Amit Kumar Mishra, Santosh Kumar, Lalgudi Narayan Dorairajan, Ramanitharan Manikandan, G Ramkumar, KS Sreerag, Jayesh Kumar Mittal
Purpose: The purpose is to study the association of stone, ureteral, and renal morphometric parameters with the relevant outcome variables, i.e., complication rate, stone-free rate (SFR), and operating time of ureterorenoscopic lithotripsy. Although a safe procedure, it still occasionally has major complications. Computed tomography (CT) scan is often performed to diagnose ureteral calculi, providing opportunities for ureteral morphometry that may have a bearing on the outcome of the procedure. Materials and Methods: Ureteric, renal, and stone morphometric parameters were measured from CT of the abdomen and pelvis of the 110 patients with ureteral calculi who underwent ureteroscopic lithotripsy (URSL). Data were collected retrospectively in 25 patients and prospectively in 85 patients. Association of these parameters with the outcome variables of the procedure mentioned above was studied. Results: On univariate analysis, body mass index, stone size, and maximum ureteral wall thickness (MUWT) were found to have a significant association with URSL complications, SFR, and duration of surgery. On multivariable analysis, only MUWT was found to be an independent risk factor for URSL complications. In 90% of total patients with residual stones, MUWT was found to be >4.8 mm. Conclusion: Ureteral wall thickness of >4.8 mm is associated with prolonged duration of surgery and lower SFR. Patients with ureteral wall thickness of >4.8 mm at the site of ureteral stone who are planned for URSL must be counseled about the higher chances of residual stones and the need for additional procedure.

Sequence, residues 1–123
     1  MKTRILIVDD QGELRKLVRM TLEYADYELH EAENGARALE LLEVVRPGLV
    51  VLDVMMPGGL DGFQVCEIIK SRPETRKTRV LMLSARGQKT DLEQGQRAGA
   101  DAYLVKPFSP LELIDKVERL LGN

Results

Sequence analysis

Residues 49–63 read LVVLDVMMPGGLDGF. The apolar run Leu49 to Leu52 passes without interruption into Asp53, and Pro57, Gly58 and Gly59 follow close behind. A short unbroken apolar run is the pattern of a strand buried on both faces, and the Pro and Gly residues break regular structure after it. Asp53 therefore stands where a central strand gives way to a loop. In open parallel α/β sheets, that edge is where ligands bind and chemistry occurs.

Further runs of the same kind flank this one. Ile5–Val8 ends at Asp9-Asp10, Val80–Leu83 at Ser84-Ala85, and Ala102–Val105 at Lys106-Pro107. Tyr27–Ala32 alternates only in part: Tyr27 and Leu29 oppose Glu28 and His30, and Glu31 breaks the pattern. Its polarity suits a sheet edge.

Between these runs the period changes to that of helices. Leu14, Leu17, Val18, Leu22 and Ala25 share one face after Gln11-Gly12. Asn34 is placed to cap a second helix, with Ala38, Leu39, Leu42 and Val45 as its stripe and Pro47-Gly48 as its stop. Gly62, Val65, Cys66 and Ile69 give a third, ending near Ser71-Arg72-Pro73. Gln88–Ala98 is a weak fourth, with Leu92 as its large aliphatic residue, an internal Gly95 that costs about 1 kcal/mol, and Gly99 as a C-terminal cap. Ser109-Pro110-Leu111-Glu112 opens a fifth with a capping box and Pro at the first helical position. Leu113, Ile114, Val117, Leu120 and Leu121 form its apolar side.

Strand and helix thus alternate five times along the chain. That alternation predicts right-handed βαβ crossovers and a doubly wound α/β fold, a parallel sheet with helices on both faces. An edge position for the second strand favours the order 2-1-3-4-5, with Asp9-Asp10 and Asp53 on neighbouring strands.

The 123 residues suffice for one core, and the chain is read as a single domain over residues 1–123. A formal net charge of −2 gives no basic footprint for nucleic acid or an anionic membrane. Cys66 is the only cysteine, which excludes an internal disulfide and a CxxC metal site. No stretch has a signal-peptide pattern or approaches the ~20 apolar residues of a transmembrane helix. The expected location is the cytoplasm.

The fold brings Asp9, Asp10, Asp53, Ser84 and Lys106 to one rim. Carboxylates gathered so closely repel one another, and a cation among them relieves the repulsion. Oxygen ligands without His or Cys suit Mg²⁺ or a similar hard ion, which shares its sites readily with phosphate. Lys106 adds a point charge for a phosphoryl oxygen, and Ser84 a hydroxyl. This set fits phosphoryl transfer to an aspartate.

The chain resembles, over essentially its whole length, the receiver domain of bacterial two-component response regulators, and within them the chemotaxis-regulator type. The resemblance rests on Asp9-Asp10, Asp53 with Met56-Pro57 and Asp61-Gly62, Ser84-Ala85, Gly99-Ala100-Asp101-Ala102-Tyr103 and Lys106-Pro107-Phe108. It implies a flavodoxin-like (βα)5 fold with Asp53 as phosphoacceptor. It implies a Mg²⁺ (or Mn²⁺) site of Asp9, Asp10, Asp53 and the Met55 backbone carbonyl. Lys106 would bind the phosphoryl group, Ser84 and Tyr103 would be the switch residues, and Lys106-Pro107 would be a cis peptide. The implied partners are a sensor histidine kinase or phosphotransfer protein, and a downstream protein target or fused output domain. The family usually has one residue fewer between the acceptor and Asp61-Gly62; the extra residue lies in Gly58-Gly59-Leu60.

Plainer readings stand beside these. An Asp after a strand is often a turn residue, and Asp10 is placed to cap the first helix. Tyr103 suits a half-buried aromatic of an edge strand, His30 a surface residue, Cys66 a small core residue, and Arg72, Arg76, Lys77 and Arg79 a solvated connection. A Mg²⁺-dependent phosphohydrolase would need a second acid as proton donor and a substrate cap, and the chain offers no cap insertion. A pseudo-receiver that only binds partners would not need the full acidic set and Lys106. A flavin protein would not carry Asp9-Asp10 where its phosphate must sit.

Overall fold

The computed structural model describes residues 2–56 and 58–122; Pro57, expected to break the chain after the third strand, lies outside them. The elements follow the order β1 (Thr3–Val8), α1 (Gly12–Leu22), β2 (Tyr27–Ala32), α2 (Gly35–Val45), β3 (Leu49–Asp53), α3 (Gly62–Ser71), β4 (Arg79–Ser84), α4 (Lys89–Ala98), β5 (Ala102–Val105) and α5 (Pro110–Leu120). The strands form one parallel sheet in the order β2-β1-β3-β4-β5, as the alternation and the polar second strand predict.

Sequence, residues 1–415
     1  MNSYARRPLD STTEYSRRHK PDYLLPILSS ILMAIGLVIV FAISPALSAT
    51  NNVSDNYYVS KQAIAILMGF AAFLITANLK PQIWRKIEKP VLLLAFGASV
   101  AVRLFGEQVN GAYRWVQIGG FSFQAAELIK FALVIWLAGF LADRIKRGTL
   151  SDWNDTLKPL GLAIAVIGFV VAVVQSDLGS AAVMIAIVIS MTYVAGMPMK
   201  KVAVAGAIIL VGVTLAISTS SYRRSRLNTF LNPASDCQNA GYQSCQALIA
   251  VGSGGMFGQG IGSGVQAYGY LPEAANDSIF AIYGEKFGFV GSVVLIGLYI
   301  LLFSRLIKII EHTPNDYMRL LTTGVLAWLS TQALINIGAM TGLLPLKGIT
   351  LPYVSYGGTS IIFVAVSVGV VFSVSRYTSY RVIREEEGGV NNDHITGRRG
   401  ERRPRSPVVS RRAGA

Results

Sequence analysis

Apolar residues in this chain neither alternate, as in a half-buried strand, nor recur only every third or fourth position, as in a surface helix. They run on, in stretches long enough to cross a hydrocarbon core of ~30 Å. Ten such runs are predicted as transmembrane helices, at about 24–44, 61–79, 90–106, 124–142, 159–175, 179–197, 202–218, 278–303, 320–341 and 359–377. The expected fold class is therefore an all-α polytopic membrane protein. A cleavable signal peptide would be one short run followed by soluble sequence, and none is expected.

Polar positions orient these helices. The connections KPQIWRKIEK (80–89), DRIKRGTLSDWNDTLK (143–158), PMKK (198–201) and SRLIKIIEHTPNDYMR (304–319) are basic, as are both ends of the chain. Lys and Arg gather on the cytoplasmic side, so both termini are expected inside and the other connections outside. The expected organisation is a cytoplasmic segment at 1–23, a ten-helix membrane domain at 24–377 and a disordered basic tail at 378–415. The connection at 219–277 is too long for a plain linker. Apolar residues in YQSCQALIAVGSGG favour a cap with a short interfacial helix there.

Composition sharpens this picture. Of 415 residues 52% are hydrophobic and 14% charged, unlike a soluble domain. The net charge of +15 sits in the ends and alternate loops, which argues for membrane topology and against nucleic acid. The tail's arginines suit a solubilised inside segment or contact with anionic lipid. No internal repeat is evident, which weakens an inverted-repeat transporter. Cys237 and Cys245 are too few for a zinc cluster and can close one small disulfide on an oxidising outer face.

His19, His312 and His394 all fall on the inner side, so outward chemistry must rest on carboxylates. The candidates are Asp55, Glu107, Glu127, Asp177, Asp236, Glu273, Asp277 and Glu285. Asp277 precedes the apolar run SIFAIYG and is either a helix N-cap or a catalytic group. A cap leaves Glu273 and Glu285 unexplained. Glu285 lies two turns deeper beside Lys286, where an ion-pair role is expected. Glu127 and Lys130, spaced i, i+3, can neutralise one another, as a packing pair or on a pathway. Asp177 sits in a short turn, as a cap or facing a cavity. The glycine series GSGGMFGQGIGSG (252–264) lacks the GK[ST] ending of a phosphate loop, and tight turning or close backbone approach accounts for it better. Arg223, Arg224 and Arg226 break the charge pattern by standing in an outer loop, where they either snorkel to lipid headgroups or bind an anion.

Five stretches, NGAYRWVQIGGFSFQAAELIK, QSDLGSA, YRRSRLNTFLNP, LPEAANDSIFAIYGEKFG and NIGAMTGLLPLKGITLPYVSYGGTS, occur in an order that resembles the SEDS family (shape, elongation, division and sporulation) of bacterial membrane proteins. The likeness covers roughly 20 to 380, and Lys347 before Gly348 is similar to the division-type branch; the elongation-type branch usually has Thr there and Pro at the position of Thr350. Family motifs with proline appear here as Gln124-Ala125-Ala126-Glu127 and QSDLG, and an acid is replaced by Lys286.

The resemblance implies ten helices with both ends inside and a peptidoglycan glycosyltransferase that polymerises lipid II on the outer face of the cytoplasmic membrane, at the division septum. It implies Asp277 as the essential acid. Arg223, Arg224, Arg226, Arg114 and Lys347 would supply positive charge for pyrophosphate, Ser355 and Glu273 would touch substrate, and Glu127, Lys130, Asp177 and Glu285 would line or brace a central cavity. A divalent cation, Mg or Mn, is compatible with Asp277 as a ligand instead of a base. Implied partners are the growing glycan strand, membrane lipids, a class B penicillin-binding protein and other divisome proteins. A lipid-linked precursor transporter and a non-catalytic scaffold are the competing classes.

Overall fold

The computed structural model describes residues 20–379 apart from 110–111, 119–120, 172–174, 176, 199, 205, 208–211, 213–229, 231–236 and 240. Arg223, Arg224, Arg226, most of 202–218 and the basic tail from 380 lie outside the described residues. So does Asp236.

[ABSTRACT]  [HTML Full text]  [PDF]  [Mobile Full text]  [EPub]  [Sword Plugin for Repository]Beta

The perception and competency of undergraduates in urology: Is the clinical exposure necessary? p. 220
Abdulmalik M Addar, Manerh A Bin Mosa, Ali S Alothman, Abdulrahman Alabdulkareem, Fares Al Jahdali, Sultan S Alkhateeb